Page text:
How do you test a distribution?<br /><br />Well you have a set of data. We start by sorting the data. The lowest<br />value has no values below it, so it gets the value (Xl,0). The highest<br />value has no values above it, so it gets the value of (Xh,1). All the<br />other data points are now (Xi,fraction of way between Xl and Xh).<br /><br />You now plot (Xi,Yi). In general, you get some kind of sigmoid (S<br />shaped) curve. It is monotone increasing.<br /><br />You could smooth that curve (if you think the distribution is smooth).<br />If you have reason to believe your data (X,Y) is exact, you could fit a<br />cubic spline to the data and specify that the slope at 0 is 0, and the<br />slope at 1 is 0. That will probably introduce a little wiggle to the<br />spline fit, since we really only have slopes of 0 at the extremities if<br />the X variable, and not necessarily at the extremities of our sampled<br />data. The cubic spline I was first taught, is fitted by solving a<br />linear system for all the data points at one time. This means a little<br />error in one data point affects all parameters calculated. Which often<br />leads to wiggle. Some splines are "localised", the Akima spline is one<br />such (family of) spline.<br /><br />If you know something about the error in your data, you could calculate<br />a smoothing spline through the data.<br /><br />In any event there are lots of choices as to how to analyze things.<br /><br />-- <br /><br />Gordghaverla@... (Gordon Haverland)Thu, 08 Nov 2018 15:38:33 -0800Tests of distributions - Installing R (CRAN) packages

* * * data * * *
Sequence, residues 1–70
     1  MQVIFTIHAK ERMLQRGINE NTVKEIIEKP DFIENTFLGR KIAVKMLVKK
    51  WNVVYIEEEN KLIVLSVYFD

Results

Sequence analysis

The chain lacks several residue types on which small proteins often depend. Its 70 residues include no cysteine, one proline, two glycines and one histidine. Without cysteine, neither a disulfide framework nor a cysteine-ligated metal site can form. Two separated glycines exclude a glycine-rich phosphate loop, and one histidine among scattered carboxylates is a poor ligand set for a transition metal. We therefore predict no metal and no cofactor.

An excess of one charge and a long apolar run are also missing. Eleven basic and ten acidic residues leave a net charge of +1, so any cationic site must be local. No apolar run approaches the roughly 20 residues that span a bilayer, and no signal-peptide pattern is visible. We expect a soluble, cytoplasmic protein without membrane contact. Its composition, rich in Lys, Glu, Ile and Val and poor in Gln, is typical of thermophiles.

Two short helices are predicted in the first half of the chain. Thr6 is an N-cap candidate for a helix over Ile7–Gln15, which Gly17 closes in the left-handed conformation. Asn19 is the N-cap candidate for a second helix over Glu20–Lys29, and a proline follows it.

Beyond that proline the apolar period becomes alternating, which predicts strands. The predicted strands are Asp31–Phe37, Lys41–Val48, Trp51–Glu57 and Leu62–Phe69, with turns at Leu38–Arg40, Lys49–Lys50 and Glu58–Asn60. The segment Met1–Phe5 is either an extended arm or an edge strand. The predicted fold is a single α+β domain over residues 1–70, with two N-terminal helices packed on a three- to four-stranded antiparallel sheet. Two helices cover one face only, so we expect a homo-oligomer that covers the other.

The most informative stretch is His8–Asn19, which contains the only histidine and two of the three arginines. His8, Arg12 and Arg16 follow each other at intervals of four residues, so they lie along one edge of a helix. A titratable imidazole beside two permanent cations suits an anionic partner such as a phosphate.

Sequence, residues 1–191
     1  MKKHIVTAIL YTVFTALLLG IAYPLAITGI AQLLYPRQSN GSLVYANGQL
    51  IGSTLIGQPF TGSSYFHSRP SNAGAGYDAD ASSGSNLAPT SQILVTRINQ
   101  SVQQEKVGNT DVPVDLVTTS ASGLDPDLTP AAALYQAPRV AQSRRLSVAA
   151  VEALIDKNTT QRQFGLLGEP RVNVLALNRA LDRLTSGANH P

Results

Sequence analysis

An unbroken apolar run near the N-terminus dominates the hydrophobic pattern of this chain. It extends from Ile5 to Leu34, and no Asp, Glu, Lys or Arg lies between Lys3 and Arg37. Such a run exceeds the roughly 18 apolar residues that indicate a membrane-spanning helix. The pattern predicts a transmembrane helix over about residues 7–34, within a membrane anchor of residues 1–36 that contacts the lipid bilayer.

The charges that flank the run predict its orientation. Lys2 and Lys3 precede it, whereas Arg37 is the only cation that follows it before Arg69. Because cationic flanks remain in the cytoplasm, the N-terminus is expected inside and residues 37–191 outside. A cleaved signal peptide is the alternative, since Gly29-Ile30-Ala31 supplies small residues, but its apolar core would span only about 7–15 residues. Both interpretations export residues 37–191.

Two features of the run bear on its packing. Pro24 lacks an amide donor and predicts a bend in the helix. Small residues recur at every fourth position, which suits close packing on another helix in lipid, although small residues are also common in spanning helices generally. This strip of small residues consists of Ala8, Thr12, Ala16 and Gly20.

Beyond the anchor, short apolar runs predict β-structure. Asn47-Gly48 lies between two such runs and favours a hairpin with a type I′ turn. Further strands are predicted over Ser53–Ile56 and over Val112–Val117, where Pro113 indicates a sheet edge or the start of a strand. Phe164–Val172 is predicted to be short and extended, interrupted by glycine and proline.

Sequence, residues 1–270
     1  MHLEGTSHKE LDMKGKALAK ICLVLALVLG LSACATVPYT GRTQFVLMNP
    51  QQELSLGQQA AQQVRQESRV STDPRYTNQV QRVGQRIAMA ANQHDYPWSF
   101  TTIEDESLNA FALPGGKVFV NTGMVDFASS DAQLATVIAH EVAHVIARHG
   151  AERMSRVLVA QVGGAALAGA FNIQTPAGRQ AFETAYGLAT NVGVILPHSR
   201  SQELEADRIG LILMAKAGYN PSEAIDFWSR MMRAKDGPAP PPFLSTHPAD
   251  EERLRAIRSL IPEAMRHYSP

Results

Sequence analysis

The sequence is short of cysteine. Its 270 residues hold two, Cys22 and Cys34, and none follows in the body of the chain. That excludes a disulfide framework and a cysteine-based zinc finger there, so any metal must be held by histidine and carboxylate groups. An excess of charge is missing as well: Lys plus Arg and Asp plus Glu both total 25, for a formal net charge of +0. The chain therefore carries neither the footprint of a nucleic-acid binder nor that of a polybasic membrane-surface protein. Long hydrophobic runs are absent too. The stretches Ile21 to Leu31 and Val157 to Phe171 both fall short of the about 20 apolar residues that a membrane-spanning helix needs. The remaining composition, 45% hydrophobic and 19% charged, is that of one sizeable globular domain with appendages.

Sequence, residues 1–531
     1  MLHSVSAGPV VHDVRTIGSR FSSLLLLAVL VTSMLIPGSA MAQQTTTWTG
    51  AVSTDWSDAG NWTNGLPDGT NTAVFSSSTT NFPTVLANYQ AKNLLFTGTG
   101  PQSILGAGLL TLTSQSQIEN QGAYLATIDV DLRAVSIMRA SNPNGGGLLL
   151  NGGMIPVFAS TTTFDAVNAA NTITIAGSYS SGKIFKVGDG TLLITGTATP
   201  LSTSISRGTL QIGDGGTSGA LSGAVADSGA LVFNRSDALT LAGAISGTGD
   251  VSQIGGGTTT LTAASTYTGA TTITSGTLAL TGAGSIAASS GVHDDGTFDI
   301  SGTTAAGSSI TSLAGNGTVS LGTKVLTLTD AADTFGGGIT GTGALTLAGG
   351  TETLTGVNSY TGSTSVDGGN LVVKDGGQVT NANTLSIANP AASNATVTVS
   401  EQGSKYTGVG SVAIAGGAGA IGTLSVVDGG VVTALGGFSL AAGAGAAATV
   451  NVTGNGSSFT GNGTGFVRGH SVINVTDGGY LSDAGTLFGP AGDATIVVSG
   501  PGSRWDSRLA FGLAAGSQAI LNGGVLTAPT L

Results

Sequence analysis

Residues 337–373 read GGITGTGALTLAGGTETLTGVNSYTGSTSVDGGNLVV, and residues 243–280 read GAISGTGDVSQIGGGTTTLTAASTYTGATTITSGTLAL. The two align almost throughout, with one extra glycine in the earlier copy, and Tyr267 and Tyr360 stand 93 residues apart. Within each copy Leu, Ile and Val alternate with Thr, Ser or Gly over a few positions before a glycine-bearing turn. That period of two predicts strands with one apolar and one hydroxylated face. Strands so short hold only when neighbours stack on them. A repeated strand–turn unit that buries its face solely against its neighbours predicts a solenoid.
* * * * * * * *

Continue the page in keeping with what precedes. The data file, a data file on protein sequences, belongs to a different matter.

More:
https://groups.io/g/elug/message/4200